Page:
The current owners have done extensive research on their property which revealed that the Ortegas owned much of the surrounding property and that it was later divided among Dionicio and Sarah Jane’s children.
We again didn’t make it to Santa Fe’s National Cemetery adjacent to Rosario Cemetery which is a shame, especially considering today is Memorial Day.
Next time we will visit my 4th great grandfather there, Ruperto Armijo, who was part of the 2nd New Mexico Regiment Infantry during the Civil War.
We also visited St. Francis of Assisi, Cross of the Martyrs, Fort Marcy Park, the public library, the Palace of the Governors Museum Shop to buy books, and Meow Wolf while we were there this time. I highly recommend Meow Wolf.
Daughter of William Hays and Catherine Lewis, Millie’s sister. Millie and Catherine were daughters of Joshua Lewis and Martha Marston. From my last post on this family, the previous documents suggest William Hays and Catherine Lewis died at or near the same time and left behind five or seven children.
Now we know William Hays had a “considerable personal estate” upon his death but died intestate. The document states Winifred was entitled to one-seventh part of her father’s estate. On a side note, I find it interesting Winifred Hays went on to marry a man named William Hays.
I’ve been looking for a way the families paths could have crossed and think it may have been in Virginia. I’ll get back to this point later.
The first match, Nancy’s descendant, mentioned a letter from her maternal line ancestor, Nancy Morrison (married Samuel Mize) from 1910. The letter states, “you want to know about Grand Mother [sic], her maiden name was Evans, her mother’s name was Sarah Hayes. Grand Mother was born in 1795, her father was a soldier in the Revolutionary war…”
Credit to RossEddy1 for the family letter on Ancestry.
Since I didn’t find mention of Henry Evans prior to 1810 in Northampton County, North Carolina so I spoke with a local professional genealogist at the McClelland Irish Library. She told me to keep an open mind and also search Virginia records since Northampton was on the highly porous border. She also told me to search for marriage records for Sarah Hayes, which I finally did today.
From microfilm of the book “Register of Marriages, Greensville County, Virginia1781-1853” page 25 near the bottom, “Evans Henry and Salley Hayes 21 Sep 1790; b- John Goodwyn wit- J Parks min-William Andrews (Methodist) 30Sep1790
Page 25 also mentions a couple from Northampton County getting married in Greensville County, so there’s that.
Now, this part is just speculation, but I couldn’t help notice Greensville County isn’t terribly far from Isle of Wight County. According to online trees (I know, I know), Darling Drewry/Drury’s mother Mildred Lewis was born in Isle of Wight County, Virginia.
My uncle appears as a closer match to cousins from the Sauceda and Garza side of the family than my mother does, so I decided to focus on his genetic communities instead of hers. I think Ancestry did very well with this feature.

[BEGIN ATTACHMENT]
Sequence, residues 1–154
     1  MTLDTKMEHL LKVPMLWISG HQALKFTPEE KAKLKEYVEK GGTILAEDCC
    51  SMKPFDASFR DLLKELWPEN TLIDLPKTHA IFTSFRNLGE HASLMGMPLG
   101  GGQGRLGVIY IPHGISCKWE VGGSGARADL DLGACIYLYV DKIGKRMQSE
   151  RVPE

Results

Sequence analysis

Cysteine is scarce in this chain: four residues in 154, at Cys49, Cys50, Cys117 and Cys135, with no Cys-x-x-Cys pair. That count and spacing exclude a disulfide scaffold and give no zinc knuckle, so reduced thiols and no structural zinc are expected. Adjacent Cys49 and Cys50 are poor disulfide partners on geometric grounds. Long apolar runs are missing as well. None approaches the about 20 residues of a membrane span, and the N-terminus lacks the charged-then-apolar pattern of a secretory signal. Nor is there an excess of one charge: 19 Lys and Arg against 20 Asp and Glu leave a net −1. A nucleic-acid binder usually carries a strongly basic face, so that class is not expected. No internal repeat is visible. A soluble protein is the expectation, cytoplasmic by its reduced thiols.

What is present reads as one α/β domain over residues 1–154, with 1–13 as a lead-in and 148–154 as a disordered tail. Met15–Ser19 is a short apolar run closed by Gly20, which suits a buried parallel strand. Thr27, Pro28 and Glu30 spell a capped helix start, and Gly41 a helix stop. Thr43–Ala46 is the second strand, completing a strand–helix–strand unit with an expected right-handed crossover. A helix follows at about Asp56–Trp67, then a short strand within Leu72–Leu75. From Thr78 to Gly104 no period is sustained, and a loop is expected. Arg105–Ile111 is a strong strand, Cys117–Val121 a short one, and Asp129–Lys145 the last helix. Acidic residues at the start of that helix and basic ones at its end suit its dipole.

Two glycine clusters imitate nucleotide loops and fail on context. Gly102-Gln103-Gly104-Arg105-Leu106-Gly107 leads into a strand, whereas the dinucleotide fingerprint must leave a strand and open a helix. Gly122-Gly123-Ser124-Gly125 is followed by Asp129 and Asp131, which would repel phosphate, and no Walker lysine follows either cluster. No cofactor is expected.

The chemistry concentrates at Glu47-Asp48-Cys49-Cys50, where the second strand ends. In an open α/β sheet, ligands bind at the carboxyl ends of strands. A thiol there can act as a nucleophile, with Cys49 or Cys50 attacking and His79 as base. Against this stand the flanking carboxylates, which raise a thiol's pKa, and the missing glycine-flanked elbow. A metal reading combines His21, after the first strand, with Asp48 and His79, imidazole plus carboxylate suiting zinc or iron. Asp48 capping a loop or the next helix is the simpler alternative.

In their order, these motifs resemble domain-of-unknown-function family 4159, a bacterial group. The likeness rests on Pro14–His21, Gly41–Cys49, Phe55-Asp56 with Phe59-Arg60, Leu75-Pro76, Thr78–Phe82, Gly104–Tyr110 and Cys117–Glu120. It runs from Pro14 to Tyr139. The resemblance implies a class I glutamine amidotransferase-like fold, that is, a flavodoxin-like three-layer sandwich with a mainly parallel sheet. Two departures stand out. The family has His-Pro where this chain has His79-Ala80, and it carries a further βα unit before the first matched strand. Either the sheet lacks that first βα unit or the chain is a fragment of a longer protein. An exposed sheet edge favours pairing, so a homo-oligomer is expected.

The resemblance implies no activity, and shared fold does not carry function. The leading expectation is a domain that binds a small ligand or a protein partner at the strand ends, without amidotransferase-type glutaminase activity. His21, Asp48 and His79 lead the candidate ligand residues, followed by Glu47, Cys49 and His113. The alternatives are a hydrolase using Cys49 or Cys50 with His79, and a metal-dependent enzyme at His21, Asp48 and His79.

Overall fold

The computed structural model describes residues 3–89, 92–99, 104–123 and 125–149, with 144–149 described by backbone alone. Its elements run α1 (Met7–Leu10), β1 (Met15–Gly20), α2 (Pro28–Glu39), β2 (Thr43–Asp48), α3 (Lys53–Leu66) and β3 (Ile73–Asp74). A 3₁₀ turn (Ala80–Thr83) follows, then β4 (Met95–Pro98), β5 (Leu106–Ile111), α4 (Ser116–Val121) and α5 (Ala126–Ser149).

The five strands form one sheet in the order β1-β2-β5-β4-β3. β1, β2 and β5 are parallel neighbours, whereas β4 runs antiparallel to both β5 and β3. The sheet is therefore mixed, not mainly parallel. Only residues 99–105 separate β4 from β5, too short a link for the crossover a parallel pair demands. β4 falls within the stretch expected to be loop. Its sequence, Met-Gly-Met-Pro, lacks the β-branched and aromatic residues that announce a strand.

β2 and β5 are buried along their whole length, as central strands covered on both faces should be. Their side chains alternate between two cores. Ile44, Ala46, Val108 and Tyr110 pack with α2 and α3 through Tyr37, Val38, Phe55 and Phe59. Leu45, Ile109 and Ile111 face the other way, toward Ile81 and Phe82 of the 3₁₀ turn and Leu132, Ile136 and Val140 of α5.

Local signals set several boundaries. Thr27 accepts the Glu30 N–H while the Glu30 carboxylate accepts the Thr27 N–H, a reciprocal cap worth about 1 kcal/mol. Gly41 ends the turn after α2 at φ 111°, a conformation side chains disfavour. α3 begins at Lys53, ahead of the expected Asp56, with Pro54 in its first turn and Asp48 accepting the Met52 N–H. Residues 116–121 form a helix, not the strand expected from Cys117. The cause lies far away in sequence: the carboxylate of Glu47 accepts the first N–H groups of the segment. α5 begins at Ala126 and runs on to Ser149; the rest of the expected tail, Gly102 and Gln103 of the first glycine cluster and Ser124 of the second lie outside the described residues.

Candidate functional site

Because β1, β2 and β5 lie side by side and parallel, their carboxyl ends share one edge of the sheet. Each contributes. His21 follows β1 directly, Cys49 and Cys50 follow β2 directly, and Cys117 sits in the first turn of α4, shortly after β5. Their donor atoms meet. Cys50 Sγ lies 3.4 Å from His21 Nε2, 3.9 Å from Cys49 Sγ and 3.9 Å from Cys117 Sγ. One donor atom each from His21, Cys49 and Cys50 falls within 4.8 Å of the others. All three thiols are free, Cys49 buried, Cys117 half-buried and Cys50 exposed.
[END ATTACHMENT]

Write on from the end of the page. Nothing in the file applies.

Grandma Dolores didn’t speak much of her father, she said she didn’t remember him very well. When I was a child I didn’t think much of it. She did always claim her middle name was Salomé though, but no one on her mother Domitila Gonzales’ side of the family had that name.
After she passed I took another look at her birth certificate and saw she didn’t have a middle name, though she did use the middle initial “S” on some of her important documents, such as on the affidavit for her marriage license. She insisted that it stood for Salomé.
Her parents Manuel Romero and Domitila Gonzales were married in Santa Fe, New Mexico in 1924. On the application for the marriage license, Manuel says his birthday is February 11, 1891.
In the book, New Mexico Baptisms, Santa Fe, NM, January 1884-December 1899 there is a record for Manuel Romero born February 20, 1892. The day and the year are off, but the month is the same. His parents were Luciano Romero and Salomé Montoya. I believe this Manuel is my grandmother’s father. I had seen them on the Santa Fe census in the past and wondered if they were Manuel’s family, but I didn’t have any clue about Manuel’s birthday back then. The scanned page of the baptism book was provided to me by Denver Public Library.
Luciano Romero and Salomé Montoya were married November 27, 1886, at St. Francis Cathedral in Santa Fe. Their parents were Desiderio Romero and Guadalupe Lujan, and Baltazar Montoya and Eleanor Ribera. On other documents, she is written as Leonor Ribera. From the book Santa Fe Marriages, St. Francis Church/Cathedral January 1858-October 1889
After Salomé died, Luciano married Ursula Rodriguez.
On some census records, Manuel’s birthday is in May, but the names all match up so I’m sure this is the correct family.
My maternal uncle’s DNA kit is being processed after a six-week wait.
This small update is a great excuse to share this song from Moana, which I have recently seen for the first time this past weekend. It was so good! Definitely one of my favorite ancestor movies right along with The Book of Life and Kubo and the Two Strings. Disney and Pixar have another Dia de los Muertos movie, Coco, that is scheduled for release November 2017.
I loved this song, “I am Moana (Song of the Ancestors)”.